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When I talk of my love, should I chance to elpy
That she seems to miftruft what I say,
With my lips let me wipe it away.
If we fit, or we walk, may I cat round my eyes,
And let no fingle Beauty escape;
As her eyes, and her face, and her fiape.
Thus each day let us pafs, till the buds turn to leaves,
And the meadows around us are mown ;
What the afterwards blushes to own:
When everings grow cool, and the flow'rs hang their heads
With the dew, then no longer we'll roam ;
Let us haften to find our way home.
When the birds are at rooft, with their heads in their wings,
Each one by the side of it's mate;
Upon all but the owl and the bat:
When soft rest is requir’d; and the stars lend their light,
And all nature lies quiet and still ;
But, at distance, the clack of a mill:
With peace for our pillow; and free from all noise,
So that voices in whispers are known ;
That are mus'd on by lovers alone.
II. S U M M E R.
WHERE the light cannot pierce, in a grove of tall trees,
With my fair-one as blooming as May, Undisturb’d by all sound, but the sighs of the breeze,
Let me pass the hot noon of the day.
When the fun, less intense, to the westward inclines,
For the meadows the groves we'll forsake, And see the rays dance as inverted he shines,
On the face of some river or lake :
fairest and I, on it's verge as we pass, (For 'tis she that must still be my theme) Our two shadows may view on the watery glass,
While the fish are at play in the stream.
May the herds cease to low, and the lambkins to bleat,
When she sings me some amorous strain ; All be filent, and hufh'd, unless echo repeat
The kind words and sweet sounds back again
And when we return to our cottage at night,
Hand in hand as we fauntering stray,
Just direct us, and chequer our way.
Let the nightingale warble it's notes in our walk,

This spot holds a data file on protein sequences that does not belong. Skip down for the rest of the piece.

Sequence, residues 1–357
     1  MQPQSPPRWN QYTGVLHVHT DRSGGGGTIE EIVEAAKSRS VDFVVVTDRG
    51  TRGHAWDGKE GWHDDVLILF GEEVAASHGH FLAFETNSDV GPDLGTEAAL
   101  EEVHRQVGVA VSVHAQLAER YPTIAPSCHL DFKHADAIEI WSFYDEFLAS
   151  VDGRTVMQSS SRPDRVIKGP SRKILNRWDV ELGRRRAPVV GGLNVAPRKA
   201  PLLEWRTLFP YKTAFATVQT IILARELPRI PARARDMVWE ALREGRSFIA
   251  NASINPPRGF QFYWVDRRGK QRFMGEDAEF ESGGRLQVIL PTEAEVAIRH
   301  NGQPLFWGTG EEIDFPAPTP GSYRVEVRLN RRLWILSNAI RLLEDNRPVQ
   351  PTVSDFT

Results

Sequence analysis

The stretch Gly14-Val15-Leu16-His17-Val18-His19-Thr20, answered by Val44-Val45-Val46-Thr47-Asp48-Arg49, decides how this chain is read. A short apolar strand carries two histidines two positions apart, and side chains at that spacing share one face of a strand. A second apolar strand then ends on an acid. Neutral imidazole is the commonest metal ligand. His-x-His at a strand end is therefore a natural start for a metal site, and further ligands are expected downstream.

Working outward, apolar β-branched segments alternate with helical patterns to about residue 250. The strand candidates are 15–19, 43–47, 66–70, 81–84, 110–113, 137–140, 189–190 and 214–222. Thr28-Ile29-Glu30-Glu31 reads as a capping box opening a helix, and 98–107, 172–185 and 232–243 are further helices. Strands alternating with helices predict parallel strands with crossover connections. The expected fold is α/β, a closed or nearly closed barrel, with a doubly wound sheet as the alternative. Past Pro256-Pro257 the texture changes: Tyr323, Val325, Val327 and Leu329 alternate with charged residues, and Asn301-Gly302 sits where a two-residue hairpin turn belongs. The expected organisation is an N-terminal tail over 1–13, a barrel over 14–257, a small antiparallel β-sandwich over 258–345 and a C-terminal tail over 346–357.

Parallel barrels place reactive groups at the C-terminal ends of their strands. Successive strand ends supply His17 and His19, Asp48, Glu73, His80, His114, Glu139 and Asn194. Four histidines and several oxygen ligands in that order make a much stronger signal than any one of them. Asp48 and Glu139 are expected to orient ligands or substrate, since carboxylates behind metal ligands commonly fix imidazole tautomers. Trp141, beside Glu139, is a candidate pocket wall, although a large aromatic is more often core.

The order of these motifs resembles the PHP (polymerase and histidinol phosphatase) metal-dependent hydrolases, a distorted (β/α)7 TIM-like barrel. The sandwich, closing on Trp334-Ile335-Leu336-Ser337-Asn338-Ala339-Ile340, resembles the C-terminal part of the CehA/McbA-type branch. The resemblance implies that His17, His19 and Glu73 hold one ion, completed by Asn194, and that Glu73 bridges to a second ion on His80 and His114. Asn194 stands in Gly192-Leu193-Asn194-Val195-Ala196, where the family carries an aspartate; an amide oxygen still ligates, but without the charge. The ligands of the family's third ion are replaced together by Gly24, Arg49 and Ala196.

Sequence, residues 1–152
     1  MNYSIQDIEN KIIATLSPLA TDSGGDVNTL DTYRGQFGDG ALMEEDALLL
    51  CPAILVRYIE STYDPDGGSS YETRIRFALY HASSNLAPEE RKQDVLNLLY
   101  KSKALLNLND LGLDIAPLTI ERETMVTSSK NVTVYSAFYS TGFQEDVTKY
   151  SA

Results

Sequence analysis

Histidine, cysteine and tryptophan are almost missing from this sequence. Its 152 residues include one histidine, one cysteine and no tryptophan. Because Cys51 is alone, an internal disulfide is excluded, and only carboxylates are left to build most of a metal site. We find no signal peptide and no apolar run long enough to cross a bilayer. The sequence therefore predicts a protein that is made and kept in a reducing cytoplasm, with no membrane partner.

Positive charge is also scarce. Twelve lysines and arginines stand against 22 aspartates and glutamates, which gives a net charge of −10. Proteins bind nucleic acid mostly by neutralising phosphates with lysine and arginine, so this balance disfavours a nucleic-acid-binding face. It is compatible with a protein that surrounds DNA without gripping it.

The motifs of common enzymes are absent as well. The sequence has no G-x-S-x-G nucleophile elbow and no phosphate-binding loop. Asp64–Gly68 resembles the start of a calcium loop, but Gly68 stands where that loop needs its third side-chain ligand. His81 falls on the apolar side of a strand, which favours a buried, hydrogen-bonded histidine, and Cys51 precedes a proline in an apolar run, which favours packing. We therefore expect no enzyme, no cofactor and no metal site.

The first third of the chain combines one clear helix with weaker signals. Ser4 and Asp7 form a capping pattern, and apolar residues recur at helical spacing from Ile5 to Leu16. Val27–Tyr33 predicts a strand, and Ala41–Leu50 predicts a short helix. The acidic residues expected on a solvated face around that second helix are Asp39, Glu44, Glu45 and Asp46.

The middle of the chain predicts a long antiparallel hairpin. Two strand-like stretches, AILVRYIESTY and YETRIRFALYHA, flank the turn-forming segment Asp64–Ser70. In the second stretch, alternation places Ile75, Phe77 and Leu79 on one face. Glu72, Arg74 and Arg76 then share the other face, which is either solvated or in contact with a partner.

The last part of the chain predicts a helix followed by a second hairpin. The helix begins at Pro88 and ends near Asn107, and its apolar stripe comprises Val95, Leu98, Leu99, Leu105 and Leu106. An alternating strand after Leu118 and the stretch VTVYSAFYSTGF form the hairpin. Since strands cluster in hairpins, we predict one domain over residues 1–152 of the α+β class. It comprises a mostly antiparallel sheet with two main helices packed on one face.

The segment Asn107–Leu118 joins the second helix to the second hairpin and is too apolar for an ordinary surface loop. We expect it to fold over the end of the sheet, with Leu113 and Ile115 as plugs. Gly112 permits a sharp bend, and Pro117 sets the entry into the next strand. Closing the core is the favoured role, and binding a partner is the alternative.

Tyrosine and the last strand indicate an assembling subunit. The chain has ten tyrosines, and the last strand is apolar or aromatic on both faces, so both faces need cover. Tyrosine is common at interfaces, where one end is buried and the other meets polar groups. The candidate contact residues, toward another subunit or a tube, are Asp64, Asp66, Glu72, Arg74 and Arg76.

As thus gently and slowly we move;
But of friendship improv'd into love.
Thus enchanted each day with these rural delights,
And secure from ambition's alarms,
III. A V.
III. A U T U M N.
THO’ the seasons muft alter, ah! yet let me find,
confess , A female #ill chearful, and faithful and kind,
The blessings of Autumn to share.
Let one side of our cottage, a flourishing vine
Overspread with it's branches and shade Whose clusters appear more transparent and fine,
As it's leaves are beginning to fade.
When the fruit makes the branches bend down with it's load,
In our orchard surrounded with pales;
For a tart that in winter regales.
When the vapours that rise from the earth in the morn
Seem to hang on it's surface like smoke,
Within doors let us prattle and joke.
But when we see clear all the hues of the leaves,
And at work in the fields are all hands,
Let us carelessly stroll o'er the lands.
How pleasing the fight of the toiling they make,
To collect what kind Nature has fent !
But, oh! give us their happy content.
And sometimes on a bank, under shade, by a brook,
Let us filently fit at our ease,
And now, when the husbandman fings harveft-home,
And the corn's all got into the house ;
To frolick, and feast, and carouse:
When the leaves from the trees are begun to be shed,
And are leaving the branches all bare,
Or elfe blown to and fro in the air :
When the ways are fo miry, that bogs they might seem,
And the axle-tree's ready to break,
And then claps the poor jades on the neck :
In the morning let's follow the cry of the hounds,
Or the fearful young covey
Are becoming a prey to the net.
Let's enjoy all the pleasure retirement affords,
Still amus'd with these innocent sports,
With their grand entertainments in courts.
In the ev'ning, when lovers are leaning on styles,
Deep engag'd in some amorous chat,
What they both have a mind to be at:
To our dwelling, tho' homely, well-pleas?d to repair,
Let our mutual endearments revive ;
How contented and happy we live.
Should ideas arise that may ruffle the soul,
Let soft mufick the phantoms remove; For ’tis harmony only has force to controul,
And unite all the paffions in love.
With her eyes but half opeş, her cap all'awry,
When the lass is preparing for bed,
Sometimes rouses and scratches his head :
In the night when 'tis cloudy, and rainy, and dark,
And the labourers snore as they lie,
In the farm, or the village hard by:
At the time of fweet rest, and of quiet like this,
in their lids, Let us welcome the season, and taste of that bliss
Which the sun-line and day-light forbids !
And the meadows their beauty have loft ;
And the ftreams are faft bound with the frost :
While the peafant inactive stands shivering with cold,
As bleak the winds northernly blow ;
With their feeçes besprinkled with fnow :
In the yard, when the cattle are fodder'd with straw,
And they send forth their breath in a steam ;
Flakes of ice that she finds in the cream :